Saturday, June 16, 2012

How GST has sprung a leak

It's not a good time to be the taxman. The poor chap has fallen on hard times. But if you think that sounds like good news, you haven't thought it through. We don't pay taxes for fun and the government doesn't tear up our money when it receives it. Obviously, it's used to pay for all the services governments provide.

It's now clear how much trouble the Europeans have brought on themselves by ignoring the two sides of their budgets. It's equally clear a big part of the reason we don't share the Europeans' predicament is the acceptance by our governments - federal and state, Labor and Coalition - over many years that their spending and their tax collections must be kept in balance over time.

So if tax collections are falling short of spending, it follows that either spending must be cut or taxes increased. At present, governments are willing to contemplate only spending cuts, and are working on the theory there's enough inefficiency in the public sector to reduce costs without significantly reducing the services it delivers.

But you can push that relatively politically painless idea only so far. And the problems with tax collections are so deep-seated eventually they - and we - will have to face the terrifying prospect of higher taxes.

The federal government has structural problems with income tax, capital gains tax and company tax, but the tax with the biggest problems is the goods and services tax, as was well explained this week in the NSW government's budget papers, which I'll draw on.

When John Howard introduced the GST in July 2000, he neutralised opposition from the premiers by promising them all the proceeds from the tax in place of the feds' former general revenue grants. So GST is a federally controlled and collected tax that benefits only the states.

It's divided between them according to the principle of "horizontal fiscal equalisation", which aims to ensure each state and territory has the fiscal capacity to provide the national average standard of services and infrastructure.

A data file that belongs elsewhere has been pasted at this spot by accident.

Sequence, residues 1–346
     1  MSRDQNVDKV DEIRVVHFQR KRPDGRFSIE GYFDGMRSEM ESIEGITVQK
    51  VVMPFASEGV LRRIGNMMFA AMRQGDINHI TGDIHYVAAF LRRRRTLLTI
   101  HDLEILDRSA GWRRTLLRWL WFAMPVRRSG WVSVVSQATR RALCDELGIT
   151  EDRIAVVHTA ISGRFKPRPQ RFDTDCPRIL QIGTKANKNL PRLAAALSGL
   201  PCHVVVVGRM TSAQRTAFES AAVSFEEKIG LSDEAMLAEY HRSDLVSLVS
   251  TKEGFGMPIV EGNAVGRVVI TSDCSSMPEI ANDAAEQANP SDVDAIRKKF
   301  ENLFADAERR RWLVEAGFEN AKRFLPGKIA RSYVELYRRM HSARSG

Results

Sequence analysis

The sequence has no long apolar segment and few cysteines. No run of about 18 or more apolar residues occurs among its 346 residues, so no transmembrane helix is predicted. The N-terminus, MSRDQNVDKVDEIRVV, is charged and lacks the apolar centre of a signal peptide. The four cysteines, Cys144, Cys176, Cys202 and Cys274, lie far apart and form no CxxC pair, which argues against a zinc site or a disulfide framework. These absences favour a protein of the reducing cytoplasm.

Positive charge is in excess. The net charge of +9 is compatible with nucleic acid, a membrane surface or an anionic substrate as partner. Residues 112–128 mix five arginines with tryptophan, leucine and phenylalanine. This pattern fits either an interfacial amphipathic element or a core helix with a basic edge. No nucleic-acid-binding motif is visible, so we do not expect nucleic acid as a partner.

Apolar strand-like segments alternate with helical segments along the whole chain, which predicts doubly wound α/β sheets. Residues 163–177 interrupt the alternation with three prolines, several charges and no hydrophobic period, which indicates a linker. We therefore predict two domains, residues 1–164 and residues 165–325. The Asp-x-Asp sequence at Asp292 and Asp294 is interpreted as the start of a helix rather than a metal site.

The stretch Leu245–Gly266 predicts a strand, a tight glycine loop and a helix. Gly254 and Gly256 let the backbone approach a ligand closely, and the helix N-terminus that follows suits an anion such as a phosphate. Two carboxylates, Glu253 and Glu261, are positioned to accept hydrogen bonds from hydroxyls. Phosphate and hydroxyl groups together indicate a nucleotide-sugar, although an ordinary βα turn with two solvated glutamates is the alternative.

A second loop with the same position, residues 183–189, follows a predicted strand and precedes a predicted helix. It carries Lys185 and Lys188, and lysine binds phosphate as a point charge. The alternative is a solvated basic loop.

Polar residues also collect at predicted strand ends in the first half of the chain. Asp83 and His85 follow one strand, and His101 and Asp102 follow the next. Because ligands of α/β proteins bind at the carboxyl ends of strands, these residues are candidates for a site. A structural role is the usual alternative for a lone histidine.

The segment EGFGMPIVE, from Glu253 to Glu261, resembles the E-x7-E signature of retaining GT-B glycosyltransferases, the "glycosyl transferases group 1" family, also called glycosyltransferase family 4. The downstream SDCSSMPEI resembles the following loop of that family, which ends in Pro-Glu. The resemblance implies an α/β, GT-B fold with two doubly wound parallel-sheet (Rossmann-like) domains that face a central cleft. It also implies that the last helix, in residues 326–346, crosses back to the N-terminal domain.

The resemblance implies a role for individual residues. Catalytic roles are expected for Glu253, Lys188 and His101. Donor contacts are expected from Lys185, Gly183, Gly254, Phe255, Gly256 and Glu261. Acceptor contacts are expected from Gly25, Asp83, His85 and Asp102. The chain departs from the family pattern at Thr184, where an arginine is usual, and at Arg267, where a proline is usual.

This means the GST proceeds are divided in a way that ensures those states with greater capacity to raise revenue subsidise those with lesser revenue-raising capacity.

For decades this meant taxpayers in Victoria and NSW subsidised taxpayers in all other states. Since 2008-09, however, the resources boom has left the governments of Queensland and, particularly, Western Australia so flush with mining royalties they too have become subsidisers of the remaining states and territories. So, of late, NSW and Victoria haven't had to subsidise the others nearly as much.

When Howard first handed the proceeds of GST to the states, it seemed clear he'd given them the fabulous "growth tax" they'd long dreamt of. Up to 2007-08, collections grew at an average rate of more than 8 per cent a year - faster than the economy (nominal gross domestic product) was growing.

But every time the federal Treasury peers into the future it revises down its projections for growth in GST receipts. It's now expecting growth over the period from 2008-09 to 2015-16 to be just 4.5 per cent a year.